Tim Boreham: There are no jokes in childcare

Long coveted for their government-aided income and backed by favorable demographics, the listed nurseries are being chosen through takeovers, one by one.

Earlier this month, the one in Melbourne Mayfield Child Care (ASX: MFD) disclosed an indicative cash offer for private education Genius, at $1.28 per share (a premium of about 30 percent).

With Mayfield acquiring 14 Genius Learning Centers in 2021, it’s a bit of a story.

It’s not yet pick-up time for the acquirer, either: Busy Bees Early Learning, also privately held, has entered the fray with a tentative offer of $1.35 per share.

The busy bees have been, well, busy bees, as they scooped the Think Education list last year at a generous 170% premium.


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Melbourne operator of 21 centers Mayfield is busy chatting to both sides, and anyone else hiding behind the finger-painted easels.

Over the past decade, childcare centers have been a popular investment for small operators and even better for corporate players who have led consolidation in a still fragmented sector.

Profitability has not been constrained by the dominance of not-for-profit operators, notably Goodstart (which acquired the centers from Eddy Groves’ collapsed ABC Learning).

In November, federal parliament approved Labor’s promised measure to extend the childcare allowance to more families – 1.2 million of them – with struggling incomes of up to $530,000 a year.

Assuming Mayfield is eliminated, bigger G8 Education (ASX: GEM) and Kiwi-based, double-listed Embark Education (ASX: EVO) they will be the only ASX copies.

This month’s G8 trade update pointed to a 5% drop in year-to-date net operating profit ($41m at the end of November) and flat employment.

The company has been able to absorb an 8% increase in wages, half through actual wage increases and half through increased use of agency staff.


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Headed by former G8 boss Chris Scott and formerly known as Evolve Education, Embark is set to sell its roughly 100 childcare centers in New Zealand to private equity for about $43 million. The company believes there are better prospects in Australia and plans to strengthen its current complement of 24 local centres.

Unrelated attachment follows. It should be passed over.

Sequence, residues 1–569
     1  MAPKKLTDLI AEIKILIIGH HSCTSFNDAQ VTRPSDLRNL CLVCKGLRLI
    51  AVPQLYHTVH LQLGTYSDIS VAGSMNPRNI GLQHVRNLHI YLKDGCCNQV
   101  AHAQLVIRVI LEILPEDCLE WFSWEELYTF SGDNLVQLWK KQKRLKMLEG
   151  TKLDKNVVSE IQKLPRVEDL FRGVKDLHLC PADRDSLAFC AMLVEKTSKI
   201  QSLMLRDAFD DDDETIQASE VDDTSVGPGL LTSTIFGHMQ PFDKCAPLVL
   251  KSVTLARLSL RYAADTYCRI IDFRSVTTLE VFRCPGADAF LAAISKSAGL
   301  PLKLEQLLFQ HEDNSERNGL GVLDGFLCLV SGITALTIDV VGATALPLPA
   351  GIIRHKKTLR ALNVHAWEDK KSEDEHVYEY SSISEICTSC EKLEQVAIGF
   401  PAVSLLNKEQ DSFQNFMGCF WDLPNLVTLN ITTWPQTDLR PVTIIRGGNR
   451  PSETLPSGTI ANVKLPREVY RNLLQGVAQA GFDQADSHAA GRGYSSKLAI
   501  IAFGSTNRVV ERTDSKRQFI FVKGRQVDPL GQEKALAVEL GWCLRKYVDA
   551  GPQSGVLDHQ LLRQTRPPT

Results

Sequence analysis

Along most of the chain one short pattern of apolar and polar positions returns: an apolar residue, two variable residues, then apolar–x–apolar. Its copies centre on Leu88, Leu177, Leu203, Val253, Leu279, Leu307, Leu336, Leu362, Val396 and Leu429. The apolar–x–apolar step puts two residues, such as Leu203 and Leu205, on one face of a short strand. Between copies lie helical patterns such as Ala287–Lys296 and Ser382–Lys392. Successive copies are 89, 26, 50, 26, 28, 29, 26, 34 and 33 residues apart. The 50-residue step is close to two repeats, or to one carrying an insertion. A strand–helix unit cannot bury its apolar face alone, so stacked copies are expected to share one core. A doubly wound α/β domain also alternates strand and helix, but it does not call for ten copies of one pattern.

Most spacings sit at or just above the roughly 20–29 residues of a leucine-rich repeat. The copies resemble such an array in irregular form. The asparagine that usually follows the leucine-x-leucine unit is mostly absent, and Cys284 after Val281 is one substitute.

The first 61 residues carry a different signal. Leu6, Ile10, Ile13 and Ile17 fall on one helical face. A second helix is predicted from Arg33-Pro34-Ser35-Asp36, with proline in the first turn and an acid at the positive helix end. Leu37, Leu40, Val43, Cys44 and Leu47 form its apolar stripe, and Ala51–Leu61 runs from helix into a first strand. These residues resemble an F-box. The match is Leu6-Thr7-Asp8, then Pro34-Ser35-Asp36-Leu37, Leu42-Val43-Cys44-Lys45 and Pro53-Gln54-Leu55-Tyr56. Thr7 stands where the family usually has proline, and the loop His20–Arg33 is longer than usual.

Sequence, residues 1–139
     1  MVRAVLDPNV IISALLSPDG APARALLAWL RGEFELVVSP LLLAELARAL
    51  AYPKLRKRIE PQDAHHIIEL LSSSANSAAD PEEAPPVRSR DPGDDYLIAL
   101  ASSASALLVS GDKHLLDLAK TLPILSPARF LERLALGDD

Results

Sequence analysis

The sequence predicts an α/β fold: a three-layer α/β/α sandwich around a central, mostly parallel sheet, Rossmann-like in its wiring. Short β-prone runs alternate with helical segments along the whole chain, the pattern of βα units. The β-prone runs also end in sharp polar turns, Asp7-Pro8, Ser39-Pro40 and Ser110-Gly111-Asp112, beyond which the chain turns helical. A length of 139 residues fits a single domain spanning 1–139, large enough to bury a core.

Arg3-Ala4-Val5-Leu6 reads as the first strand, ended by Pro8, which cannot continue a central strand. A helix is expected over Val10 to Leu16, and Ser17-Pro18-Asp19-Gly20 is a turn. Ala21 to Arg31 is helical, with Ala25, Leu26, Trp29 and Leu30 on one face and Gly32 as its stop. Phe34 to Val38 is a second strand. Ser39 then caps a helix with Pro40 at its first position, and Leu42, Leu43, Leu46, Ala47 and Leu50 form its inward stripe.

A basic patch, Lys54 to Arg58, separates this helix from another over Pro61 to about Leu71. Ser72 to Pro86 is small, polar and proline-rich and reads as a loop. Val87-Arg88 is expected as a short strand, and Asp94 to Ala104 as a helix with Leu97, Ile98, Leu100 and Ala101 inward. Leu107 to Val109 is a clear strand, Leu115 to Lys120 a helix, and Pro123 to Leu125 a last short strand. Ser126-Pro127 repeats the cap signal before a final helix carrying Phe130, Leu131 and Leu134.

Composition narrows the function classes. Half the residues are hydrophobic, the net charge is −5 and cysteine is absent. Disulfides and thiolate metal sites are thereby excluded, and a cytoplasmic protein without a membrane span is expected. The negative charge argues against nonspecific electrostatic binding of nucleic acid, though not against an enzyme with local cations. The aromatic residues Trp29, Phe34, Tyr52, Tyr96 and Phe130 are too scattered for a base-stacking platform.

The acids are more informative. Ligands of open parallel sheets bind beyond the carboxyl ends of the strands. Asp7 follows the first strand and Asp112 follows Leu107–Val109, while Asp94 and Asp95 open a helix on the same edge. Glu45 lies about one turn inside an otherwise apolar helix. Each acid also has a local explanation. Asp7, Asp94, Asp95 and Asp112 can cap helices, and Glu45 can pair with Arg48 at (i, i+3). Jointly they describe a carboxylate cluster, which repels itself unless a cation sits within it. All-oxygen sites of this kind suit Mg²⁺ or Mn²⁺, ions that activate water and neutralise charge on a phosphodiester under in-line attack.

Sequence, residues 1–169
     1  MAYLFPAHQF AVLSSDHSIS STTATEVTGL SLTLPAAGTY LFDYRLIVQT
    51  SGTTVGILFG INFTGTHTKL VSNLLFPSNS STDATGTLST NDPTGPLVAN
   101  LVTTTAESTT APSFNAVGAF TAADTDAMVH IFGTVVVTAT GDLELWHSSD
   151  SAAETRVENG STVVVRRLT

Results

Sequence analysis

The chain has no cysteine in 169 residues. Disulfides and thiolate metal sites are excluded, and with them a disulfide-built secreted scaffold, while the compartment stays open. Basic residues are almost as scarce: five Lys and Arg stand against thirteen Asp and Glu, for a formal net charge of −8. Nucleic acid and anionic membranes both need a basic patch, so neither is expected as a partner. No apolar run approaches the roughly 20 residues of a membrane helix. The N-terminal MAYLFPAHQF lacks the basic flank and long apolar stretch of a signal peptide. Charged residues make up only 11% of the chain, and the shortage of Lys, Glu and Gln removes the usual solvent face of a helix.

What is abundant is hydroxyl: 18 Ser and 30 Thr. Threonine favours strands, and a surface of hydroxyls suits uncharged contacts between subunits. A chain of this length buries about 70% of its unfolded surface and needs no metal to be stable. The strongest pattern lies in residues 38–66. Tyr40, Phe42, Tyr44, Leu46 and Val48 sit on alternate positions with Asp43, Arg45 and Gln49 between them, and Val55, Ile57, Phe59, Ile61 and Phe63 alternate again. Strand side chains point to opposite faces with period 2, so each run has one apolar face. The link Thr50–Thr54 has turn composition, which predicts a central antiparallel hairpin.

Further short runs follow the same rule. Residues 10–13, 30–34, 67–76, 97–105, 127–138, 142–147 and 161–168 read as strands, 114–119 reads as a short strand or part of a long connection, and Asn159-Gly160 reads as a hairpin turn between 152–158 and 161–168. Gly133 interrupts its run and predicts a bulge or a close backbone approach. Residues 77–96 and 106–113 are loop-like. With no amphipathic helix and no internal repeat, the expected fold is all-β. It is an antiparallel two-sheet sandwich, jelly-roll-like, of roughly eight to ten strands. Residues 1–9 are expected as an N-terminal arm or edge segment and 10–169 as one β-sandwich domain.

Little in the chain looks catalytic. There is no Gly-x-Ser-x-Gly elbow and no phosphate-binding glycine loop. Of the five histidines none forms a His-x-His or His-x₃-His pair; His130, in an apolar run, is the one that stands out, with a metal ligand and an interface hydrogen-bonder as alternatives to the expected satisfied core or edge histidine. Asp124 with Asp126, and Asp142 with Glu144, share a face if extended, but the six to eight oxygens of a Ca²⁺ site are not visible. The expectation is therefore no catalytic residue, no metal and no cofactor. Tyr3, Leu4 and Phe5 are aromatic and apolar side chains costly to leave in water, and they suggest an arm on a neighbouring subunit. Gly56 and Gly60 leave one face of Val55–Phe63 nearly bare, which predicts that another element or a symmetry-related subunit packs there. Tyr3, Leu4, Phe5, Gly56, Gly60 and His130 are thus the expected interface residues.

An alternative option is to invest in childcare landlords, who benefit from consistent rental income and long lease terms without the hassle of cleaning up Lego and vomit. Take the listed real estate investment trust Arena REIT (ASX: ARF)which houses 263 “social infrastructure” properties, 252 of them nurseries.

Arena doesn’t seem to be suffering too much from the Reserve Bank’s stiff medicine, at least so far.

In the year to June 2022, Arena increased net operating profit by 8 percent to $56 million, and the value of its childcare portfolio increased by 24 percent to $1.28 billion dollars

Management marks a current-year distribution of 16.8c per security, up 5%, and whistles: “Operator employment remains robust and higher than any previous corresponding period over the last six years.”

Having acquired the Folkestone Education Trust in 2018, Charter Hall Social Infrastructure REIT (ASX: CQE) owns 364 childcare centers valued at $1.64 billion.

Around 85 per cent of its rental income comes from early learning centres, mainly from tenants Goodstart and G8 Education.

The fund last year increased operating earnings by 8 percent (to $62.9 million) and also increased the value of its portfolio by 19 percent, or $269 million.

Despite their apparently robust earnings outlook, Arena and Charter Hall have lost 15 percent and nine percent of their value this year, respectively.

The selling reflects the rising cost of funding risks, but if things get tough, more bargain assets will be available to buy.

This story does not constitute advice on financial products. You should consider getting independent advice before making any financial decisions.

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